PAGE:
Artist Feature: Kwanchai Moriya

We had a chance to catch up with Kwanchai Moriya, an EDO regular and brilliantly colorful painter. Kwanchai creates breathtaking acrylic paintings that absolutely glow. He blurs the line between fantasy and reality, and takes us through some of his process, history, and exciting things in the nearfuture.
Find out even more about him and his work at http://www.kwanchaimoriya.com


Kwanchai, could you tell us a bit about your journey as an artist? Where and how you started, and early hurdles? Education?

Painting 1

The earliest memory I have of artistic acclaim was an apple and banana, rendered in pastels. I think it was 2nd grade, and I think it was for a class at the local park district. My memory is fuzzy on the details, but I do remember, with clarity, that I felt like master of the goddamn universe when my mama put that bad boy on the fridge. It’s an uncanny feeling, like someone else more qualified must’ve done that amazing art in front of you. Then you remember that YOU did that, and you whisper, “oh fuck yea….I did that shit.” Except I didn’t swear back then. So who knows what I said.


Many years later the feeling is the same. That feeling of total badassery that comes along with nailing a piece of art is exactly the same. Doing the thing that you are meant to do. It doesn’t happen every time of course. I think that feeling is what drives you on, through hills and valleys, over hurdles, in to hardship, out of hardship. I don’t think my story is very unique. Like most, I meandered into adulthood, trying to carefully balance a life filled with other folks’ expectations. And at a certain point I snapped, threw out the scale, and took a big leap. A major part of that leap was art, but, of course, it was many other things as well.


As far as job descriptions go, ‘painting and drawing stuff’ still feels a bit ridiculous, especially when I think about my parents’ blue-collar jobs that were instrumental in paying for it. There’s a lot of luck involved. I mean, I work hard and you have to be smart, of course. But there’s a lot of crossing your fingers and hoping for the best. Also, no artist wants to lift the veil of mystery to reveal a very understanding, loving significant other, with a stable job that keeps their dumb ass afloat in dry spells. It’s all a part of the progression, though. And, I do my best to remind myself that it’s a privilege to be passionate about what I do.



For EDO you have freedom of subject matter, how do you go about creating ideas and planning for these small paintings? How much is planned versus spontaneous?


I start with a kernel of something: an image from somewhere, a moment from a book or movie, etc. And then I have a huge library of imagery that I’ve collected and I scan through them looking for the right composition or idea that might convey that kernel. And with those two things: the idea and a composition, I just kind of attack a blank board until I’ve blocked in the whole thing in paint. Then I go back in and start to work it and refine it. A hundred percent of the time both the idea and the composition change somewhere between start and finish.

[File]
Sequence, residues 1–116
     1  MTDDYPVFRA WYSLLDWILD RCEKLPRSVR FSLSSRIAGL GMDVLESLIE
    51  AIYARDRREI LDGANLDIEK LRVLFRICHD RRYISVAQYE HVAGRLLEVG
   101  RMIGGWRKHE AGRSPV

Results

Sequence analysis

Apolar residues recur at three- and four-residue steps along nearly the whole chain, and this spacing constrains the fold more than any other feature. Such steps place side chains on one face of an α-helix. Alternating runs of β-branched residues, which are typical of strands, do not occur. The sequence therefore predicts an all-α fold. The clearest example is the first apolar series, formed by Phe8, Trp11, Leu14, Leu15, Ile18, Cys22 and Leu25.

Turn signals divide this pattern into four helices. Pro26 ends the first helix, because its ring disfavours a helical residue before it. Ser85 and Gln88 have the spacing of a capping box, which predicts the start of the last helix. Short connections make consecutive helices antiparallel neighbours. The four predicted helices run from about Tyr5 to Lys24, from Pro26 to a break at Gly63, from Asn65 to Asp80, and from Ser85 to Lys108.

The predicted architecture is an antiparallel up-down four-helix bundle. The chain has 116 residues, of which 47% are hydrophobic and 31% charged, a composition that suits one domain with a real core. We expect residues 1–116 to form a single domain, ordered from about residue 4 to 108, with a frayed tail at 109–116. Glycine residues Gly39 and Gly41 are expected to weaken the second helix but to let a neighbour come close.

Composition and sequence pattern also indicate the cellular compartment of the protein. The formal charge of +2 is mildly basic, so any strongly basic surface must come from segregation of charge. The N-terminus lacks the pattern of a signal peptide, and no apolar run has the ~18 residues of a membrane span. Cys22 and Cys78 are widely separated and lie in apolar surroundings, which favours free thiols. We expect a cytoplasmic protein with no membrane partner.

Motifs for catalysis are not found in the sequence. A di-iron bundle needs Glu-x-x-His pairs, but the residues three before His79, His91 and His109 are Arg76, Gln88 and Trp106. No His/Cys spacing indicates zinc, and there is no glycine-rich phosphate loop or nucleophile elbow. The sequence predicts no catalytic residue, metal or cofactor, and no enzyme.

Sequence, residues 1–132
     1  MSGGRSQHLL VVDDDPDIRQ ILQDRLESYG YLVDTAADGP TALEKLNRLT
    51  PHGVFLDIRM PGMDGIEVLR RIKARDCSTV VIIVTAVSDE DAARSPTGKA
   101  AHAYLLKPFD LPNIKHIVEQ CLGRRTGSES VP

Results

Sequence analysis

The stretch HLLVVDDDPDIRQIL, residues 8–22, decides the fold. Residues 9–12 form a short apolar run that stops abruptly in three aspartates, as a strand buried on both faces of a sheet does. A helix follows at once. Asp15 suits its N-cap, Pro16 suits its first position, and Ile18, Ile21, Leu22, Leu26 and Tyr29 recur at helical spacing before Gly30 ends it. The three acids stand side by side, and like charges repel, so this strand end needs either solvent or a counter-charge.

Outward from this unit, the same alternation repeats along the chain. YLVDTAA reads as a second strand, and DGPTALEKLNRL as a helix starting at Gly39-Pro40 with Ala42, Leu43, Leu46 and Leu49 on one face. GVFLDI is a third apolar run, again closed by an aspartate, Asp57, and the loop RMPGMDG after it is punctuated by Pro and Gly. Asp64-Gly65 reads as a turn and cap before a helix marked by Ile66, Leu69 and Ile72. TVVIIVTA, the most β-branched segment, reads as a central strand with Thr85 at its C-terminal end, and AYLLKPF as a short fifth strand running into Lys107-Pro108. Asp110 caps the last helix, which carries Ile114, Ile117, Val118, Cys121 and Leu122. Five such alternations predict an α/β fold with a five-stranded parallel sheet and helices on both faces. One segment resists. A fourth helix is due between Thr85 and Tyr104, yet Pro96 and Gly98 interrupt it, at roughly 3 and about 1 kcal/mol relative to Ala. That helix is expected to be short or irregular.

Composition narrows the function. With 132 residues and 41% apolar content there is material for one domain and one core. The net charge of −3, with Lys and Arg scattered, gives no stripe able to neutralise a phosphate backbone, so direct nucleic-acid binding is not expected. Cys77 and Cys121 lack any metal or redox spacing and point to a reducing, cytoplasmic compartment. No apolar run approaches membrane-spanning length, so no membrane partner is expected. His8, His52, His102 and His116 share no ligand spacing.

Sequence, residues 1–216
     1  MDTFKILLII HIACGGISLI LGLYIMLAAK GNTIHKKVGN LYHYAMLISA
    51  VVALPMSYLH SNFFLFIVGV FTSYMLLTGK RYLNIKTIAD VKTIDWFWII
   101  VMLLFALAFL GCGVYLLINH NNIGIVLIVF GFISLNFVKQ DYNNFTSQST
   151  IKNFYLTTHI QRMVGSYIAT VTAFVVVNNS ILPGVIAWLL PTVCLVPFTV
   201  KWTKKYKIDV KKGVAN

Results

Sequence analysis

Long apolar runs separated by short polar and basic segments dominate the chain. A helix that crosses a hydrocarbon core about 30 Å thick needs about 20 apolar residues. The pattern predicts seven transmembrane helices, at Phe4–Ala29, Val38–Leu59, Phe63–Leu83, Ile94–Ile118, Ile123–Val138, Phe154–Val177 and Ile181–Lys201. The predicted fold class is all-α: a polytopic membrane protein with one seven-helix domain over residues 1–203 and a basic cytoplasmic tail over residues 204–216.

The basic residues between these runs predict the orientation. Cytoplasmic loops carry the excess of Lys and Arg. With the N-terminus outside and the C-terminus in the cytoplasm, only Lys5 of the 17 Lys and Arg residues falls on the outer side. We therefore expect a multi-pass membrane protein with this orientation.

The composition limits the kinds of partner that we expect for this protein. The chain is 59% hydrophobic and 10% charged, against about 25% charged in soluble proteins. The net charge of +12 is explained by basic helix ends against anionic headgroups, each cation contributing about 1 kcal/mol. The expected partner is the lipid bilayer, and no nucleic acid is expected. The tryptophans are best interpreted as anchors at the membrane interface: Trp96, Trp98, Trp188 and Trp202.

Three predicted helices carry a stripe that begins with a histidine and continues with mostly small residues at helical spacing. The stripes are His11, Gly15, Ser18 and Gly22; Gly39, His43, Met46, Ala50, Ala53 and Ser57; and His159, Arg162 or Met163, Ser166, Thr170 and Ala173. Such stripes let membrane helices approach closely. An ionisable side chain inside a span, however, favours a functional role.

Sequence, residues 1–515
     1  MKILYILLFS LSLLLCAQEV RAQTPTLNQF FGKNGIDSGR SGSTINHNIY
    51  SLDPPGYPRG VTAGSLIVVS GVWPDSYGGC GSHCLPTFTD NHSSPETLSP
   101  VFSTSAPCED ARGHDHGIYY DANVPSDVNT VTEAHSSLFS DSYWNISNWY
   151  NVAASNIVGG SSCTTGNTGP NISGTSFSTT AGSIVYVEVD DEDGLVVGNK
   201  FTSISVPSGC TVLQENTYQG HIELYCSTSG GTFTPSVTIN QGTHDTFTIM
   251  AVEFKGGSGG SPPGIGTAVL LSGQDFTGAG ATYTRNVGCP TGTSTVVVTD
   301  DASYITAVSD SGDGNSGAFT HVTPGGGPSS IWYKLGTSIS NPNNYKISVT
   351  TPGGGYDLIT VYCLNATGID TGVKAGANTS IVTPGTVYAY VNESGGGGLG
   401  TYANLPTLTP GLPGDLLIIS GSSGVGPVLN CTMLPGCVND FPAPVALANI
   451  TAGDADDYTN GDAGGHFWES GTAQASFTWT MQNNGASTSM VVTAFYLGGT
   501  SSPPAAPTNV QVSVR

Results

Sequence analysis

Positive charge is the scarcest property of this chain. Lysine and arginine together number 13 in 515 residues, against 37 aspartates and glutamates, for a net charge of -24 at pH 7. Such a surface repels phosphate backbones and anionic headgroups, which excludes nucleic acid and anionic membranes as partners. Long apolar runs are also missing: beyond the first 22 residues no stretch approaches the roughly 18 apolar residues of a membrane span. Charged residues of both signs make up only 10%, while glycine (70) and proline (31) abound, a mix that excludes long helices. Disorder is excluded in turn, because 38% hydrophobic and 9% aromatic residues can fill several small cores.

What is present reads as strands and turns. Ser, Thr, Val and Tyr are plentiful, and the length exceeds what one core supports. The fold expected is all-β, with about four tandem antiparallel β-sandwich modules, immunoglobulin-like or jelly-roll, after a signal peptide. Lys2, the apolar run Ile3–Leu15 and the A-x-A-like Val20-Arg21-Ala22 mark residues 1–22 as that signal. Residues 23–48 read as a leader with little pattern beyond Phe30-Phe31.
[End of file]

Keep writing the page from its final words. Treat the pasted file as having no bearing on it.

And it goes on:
You have a refreshing take on the fantastic, where things are quaint and intimate yet other worldly, such as your painting of Marvel Girl/Jean Grey. Would you consider this a Kwanchai aesthetic that you strive for, or a natural reflection of what you like to paint?


Thank you! I don’t really know where it comes from. I know what I like: heroines, small everyday mundane moments, huge monsters, robots, the color blue. And those seem to come up regularly in my ‘repertoire,’ if you will. Occasionally I try doing something that just isn’t really in my wheelhouse. Because, you know, as an artist, you have to stretch and grow and experiment to stay fresh etc., etc. And I have a whole stack of those paintings shoved between the shelf and the wall, where I don’t have to look at them.



Who are some of your inspirations and art heroes? What about them inspires you? Technique? Life choices? Fashion sense?


Some of my art favorite painters from when I first started painting are: Leyendecker, Bernie Fuchs, Sachin Teng, Greg Manchess, Sterling Hundley, Andrew Wyeth. I have a pretty eclectic taste in artists, the list goes on and on. One thing that is a common skill amongst all my favorite artists, though, is the ability to make a striking composition. A lot of people nowadays are super talented at painting cool robots, perfectly rendering sexy girls and badass knights. But I feel like a small slice of those people are also skilled at creating interesting compositions that fully utilize a rectangle of space. I try my best to be a part of that small slice, because, I definitely paint a lot of women with monsters and robots and helmets.